Comfortably crazy clan at CrazyLake

By John Lyle Belden and Wendy Carson

Given the chaotic nature of world events and the pressures we face in our individual lives, it is a perfect time for the old-fashioned eccentric wisdom of the classic stage comedy “You Can’t Take It With You,” presented by CrazyLake Acting Company in Greenfield.

Every family has its peculiar quirks but the Sycamores seem to be overachievers. Mom Penny used to paint, but now writes never-finished plays, primarily because a typewriter was delivered to their house by mistake. Daughter Essie dances around the house and makes candy even though she has talent for only one of these; she’s married to Ed, an avid printmaker and xylophonist who came for dinner eight years ago and just stayed. Dad Paul makes fireworks in the basement with the help of Mr. DePinna (the iceman who also just stayed). Grandpa, Martin Vanderhof, oversees this crazy bunch (as well as a few other colorful characters) making sure that everyone is happy.

Penny and Paul’s other daughter, Alice, an executive secretary at a high-powered Wall Street firm, is in love with the boss’s son, Tony Kirby Jr., who finds everyone charming. But his overly straight-laced parents are a different story.

Add to this some harassment from the IRS over unpaid income taxes, as well as corn flakes, snakes, explosions, a revealing party game, Russian aristocracy and live kittens on stage (yes, really!) and you get the spectacle that earned a Pulitzer Prize and inspired a Best Picture film in the 1930s, and has had audiences laughing since.

To get everyone in the mood, CrazyLake has a trio of “Andrews Sisters” serenade you at the Ricks Centre doors. On stage we get excellent performances all around, including Chris VeHorn as charming Penny, looking like the template for all sitcom moms that followed; Trever Brown as unflappable Mr. Vanderhof, whose only standard for life is to do what makes one happy; Amy Studebaker showing comic grace in a physically challenging role; Caitlyn Mabbitt and Evan Myers as our lovebirds Alice and Tony; Frances Hull as unfazed cook and maid Rheba; and Brent Oliver as appropriately uptight Mr. Kirby.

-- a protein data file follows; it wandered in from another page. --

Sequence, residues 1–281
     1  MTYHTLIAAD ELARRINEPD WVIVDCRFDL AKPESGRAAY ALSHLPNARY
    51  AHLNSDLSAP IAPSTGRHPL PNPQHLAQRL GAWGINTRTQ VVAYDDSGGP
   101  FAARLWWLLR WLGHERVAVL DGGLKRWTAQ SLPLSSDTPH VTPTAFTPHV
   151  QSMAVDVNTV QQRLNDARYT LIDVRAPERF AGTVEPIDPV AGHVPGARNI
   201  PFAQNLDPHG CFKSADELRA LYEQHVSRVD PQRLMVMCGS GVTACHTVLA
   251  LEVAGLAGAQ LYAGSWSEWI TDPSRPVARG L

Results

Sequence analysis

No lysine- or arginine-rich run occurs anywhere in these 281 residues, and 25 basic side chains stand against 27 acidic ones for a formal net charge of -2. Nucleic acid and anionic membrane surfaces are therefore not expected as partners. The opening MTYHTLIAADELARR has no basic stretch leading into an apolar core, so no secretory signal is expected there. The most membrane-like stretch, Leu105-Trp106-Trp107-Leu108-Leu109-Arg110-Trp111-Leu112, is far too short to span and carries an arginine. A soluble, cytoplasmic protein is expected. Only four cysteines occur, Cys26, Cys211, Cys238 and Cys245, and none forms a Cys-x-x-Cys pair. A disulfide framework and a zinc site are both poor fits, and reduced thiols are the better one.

If the plot looks familiar, a form of it resurfaced in the recent “Addams Family” stage show (and perhaps echoes in the drama “Guess Who’s Coming To Dinner”), but this is the original. And director Chris Shaefer, who is used to working with silly shows (as boss of KidsPlay Inc.) gets the most out of this high-energy local volunteer cast.

It’s not that far a drive, and Greenfield has a nice downtown for those who show up early. Remaining performances of “You Can’t Take It With You” are this Friday through Sunday, June 29-July 1, at the H. J. Ricks Centre for the Arts, 122 W. Main St. (U.S. 40). Tickets are $10 each online at www.crazylake.org, on site before the show, or in advance at Hometown Comics and Games, 1506 N. State St. (SR 9), also in Greenfield.

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CrazyLake’s ‘Chaperone’ shines

By John Lyle Belden

CrazyLake Acting Company in Greenfield has tackled musicals and comedies, so naturally, it now stages “The Drowsy Chaperone: A Musical Within a Comedy.” And it is worth the drive out to the heart of Hancock County.

(Full disclosure: John & Wendy are long-time friends and supporters of CrazyLake director Christine Schaefer [who also directs KidsPlay Inc. children’s theatre], and John used to work with one of this show’s stars, Noelle Steele, editor of the Greenfield Daily Reporter. Still – this is a good show!)

A “Man in Chair” (Trever Brown) speaks to us enthusiastically about his love of musical theater, and especially his recording of the mythical 1928 classic, “The Drowsy Chaperone.” As he plays the record, the musical comes to life in his apartment. He picks up the needle from time to time to explain to us the context and what became of the original actors.

The plot of the show within the show deals with a wedding to be hosted at the lavish home of Mrs. Tottendale (Carie McMichael), who is attended by faithful Underling (Ross McMichael). The groom is handsome oil heir Robert Martin (Austin Fisher), accompanied by Best Man, George (Matt Little); the bride is popular “Follies” star Janet Van De Graaff (Elisabeth Orr), whose Chaperone (Steele) gets “drowsy” from the contents of her flask. Show producer Feldzeig (Jake Hobbs) – shadowed by ditzy chorine Kitty (Alexandra Kern) – has to get Janet out of the wedding and back on the stage or gangster enforcers (Corey Yeaman and Jim Vetters), disguised as chefs, will pound him into their next pastry. Also in attendance is famous Latin lover, Adolpho (Luke Agee), to advance the plot. Deus ex machina duty goes to Trix the Aviatrix (Jamie McDowell).